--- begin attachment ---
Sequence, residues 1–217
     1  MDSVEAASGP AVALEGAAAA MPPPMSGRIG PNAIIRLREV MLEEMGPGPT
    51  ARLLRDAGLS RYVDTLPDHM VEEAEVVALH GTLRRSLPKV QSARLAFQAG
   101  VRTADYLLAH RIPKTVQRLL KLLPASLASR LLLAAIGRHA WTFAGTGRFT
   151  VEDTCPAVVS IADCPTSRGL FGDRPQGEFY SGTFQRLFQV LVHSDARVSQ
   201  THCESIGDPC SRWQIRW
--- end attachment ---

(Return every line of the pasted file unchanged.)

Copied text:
Sequence, residues 1–217
     1  MDSVEAASGP AVALEGAAAA MPPPMSGRIG PNAIIRLREV MLEEMGPGPT
    51  ARLLRDAGLS RYVDTLPDHM VEEAEVVALH GTLRRSLPKV QSARLAFQAG
   101  VRTADYLLAH RIPKTVQRLL KLLPASLASR LLLAAIGRHA WTFAGTGRFT
   151  VEDTCPAVVS IADCPTSRGL FGDRPQGEFY SGTFQRLFQV LVHSDARVSQ
   201  THCESIGDPC SRWQIRW